In an era of tightening budgets, however, reskilling must be laser-focused on business and worker priorities. Business leaders must zero in on the skills that are essential to business operations and give workers the opportunity to build the skills they need to do their work. Likewise, reskilling programmes should consider individual aspirations, where people want to be in 3,5 and 10 years’ time. In combining business priorities with individual career goals, then finding the common ground for reskilling, organisations can help their workers develop fulfilling lifelong careers. 

A further benefit comes with greater skills visibility – hiring managers will be able to quickly spot skills gaps and where critical coverage and cross-skilling is needed. If, for example, a worker was to fall ill suddenly or leave the organisation, with cross-skilling, there will be people available to plug the gap. 

Skills mobilisation 

Skills mobilisation ties closely with reskilling as it offers the potential to build on existing skills and develop new ones. Especially during a time where some business areas and industries aren’t as in-demand, workers can be mobilised into alternative roles and projects in areas that are in high demand. This also empowers workers to build skills needed to remain relevant and provides them with the agility to transition quickly into another role if needed. BCG Research has found that most people are willing to learn new skills to qualify for new jobs.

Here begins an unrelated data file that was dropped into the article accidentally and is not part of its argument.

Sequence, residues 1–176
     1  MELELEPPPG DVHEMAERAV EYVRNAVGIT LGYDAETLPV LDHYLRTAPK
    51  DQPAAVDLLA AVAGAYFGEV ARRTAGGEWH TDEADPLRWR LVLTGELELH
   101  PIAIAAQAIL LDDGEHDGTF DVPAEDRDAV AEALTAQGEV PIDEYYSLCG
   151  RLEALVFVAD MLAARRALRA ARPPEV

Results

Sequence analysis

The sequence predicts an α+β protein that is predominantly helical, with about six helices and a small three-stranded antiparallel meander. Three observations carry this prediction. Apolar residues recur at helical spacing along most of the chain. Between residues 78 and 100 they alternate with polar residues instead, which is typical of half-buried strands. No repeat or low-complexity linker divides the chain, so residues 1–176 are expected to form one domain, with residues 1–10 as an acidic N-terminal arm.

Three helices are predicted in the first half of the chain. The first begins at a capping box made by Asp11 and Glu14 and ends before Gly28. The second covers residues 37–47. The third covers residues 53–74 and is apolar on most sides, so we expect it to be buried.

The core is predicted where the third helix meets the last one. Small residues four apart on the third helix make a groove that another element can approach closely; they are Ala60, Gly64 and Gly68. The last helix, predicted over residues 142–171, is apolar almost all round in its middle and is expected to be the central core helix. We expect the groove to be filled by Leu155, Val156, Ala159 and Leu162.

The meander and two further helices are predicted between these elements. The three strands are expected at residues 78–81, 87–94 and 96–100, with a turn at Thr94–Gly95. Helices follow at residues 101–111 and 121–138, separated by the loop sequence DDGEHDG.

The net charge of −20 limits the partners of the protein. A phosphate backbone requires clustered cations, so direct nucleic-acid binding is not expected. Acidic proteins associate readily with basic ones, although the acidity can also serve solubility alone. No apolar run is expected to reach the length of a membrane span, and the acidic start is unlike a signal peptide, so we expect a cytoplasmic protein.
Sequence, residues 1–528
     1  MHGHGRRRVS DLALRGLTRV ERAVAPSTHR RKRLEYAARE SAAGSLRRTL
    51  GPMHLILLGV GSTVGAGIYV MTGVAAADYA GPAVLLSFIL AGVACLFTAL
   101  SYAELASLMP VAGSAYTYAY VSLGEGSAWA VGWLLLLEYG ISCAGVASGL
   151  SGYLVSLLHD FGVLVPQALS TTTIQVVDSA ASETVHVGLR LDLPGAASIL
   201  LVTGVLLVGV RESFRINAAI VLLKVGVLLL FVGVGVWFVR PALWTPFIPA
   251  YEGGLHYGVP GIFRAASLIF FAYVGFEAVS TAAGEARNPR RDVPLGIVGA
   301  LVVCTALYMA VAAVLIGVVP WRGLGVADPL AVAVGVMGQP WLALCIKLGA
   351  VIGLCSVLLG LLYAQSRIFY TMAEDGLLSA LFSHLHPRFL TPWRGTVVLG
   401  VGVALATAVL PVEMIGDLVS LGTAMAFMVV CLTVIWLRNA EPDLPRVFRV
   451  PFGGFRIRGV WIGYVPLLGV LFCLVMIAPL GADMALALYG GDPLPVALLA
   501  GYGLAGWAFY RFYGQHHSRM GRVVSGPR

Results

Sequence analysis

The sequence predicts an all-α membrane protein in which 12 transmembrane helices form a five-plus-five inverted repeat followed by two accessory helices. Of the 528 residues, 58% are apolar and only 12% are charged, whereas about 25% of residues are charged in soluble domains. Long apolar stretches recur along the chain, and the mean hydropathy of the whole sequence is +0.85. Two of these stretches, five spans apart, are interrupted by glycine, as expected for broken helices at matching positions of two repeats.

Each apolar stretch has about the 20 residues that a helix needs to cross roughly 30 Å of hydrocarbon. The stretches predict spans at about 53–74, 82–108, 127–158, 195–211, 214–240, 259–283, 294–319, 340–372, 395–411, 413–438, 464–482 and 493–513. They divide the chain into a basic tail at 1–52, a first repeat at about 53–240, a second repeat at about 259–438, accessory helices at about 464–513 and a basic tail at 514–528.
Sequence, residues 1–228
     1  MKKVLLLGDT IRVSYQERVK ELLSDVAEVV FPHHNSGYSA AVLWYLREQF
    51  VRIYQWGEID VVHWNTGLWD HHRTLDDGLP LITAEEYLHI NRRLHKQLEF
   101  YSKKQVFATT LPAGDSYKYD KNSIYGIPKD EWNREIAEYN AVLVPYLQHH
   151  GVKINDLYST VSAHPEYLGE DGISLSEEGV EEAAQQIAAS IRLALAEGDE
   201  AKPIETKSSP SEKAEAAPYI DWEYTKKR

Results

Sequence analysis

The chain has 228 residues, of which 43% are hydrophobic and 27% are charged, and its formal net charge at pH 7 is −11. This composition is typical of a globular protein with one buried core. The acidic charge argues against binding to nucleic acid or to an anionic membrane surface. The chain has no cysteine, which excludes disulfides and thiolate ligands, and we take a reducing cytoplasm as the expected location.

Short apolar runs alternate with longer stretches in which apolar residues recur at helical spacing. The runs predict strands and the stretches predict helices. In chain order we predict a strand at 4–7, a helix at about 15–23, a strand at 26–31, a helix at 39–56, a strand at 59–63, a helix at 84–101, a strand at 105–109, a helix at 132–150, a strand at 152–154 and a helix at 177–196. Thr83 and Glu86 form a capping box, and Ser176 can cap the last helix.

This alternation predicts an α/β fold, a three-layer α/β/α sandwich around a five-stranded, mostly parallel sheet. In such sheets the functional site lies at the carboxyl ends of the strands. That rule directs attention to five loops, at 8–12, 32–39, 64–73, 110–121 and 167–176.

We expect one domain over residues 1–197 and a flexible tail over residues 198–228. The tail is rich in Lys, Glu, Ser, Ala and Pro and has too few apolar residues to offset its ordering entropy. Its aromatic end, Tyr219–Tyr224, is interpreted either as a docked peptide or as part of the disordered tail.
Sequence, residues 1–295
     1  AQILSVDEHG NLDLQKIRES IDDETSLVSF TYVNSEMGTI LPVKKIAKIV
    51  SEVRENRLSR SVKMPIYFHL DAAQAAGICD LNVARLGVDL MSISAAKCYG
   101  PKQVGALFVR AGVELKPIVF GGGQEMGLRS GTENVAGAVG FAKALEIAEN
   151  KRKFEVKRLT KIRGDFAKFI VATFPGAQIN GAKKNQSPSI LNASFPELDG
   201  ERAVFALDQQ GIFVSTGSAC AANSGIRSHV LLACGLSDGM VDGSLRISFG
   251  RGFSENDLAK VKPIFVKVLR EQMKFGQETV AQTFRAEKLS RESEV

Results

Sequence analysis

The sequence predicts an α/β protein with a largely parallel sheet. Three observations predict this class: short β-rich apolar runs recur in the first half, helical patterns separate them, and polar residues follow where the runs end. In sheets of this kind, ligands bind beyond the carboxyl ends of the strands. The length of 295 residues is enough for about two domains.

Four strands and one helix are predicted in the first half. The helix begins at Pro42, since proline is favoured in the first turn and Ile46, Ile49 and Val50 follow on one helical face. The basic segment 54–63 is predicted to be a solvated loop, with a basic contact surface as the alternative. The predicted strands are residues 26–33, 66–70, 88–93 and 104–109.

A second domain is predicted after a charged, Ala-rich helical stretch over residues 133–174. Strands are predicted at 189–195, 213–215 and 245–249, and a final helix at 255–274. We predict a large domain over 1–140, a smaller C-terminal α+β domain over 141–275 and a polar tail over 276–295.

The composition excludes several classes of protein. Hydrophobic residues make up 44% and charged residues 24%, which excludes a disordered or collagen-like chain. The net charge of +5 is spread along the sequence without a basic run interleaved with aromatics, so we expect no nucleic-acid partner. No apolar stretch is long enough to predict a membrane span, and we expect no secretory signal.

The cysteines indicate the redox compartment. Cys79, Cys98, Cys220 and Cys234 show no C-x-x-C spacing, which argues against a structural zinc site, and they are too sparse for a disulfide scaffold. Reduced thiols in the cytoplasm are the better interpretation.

Conversely, the World Economic Forum suggests that such an approach will help leaders to balance their short-term crisis measures against their long-term objectives, and build trust between an employer and their workers. 

Making the most of existing talent

Because reskilling also enables workers to do their existing jobs better, it can help organisations to find more capacity within their current talent pool. This is especially helpful given that a number of organisations including Microsoft and JP Morgan are temporarily pausing their recruitment. Again, for workers who find themselves in a low-demand area, their employers can use this time to reskill them either on-the-job as part of a redeployment or stretch assignment, or through a learning programme. This will increase the overall productivity and skills utilisation across the existing workforce.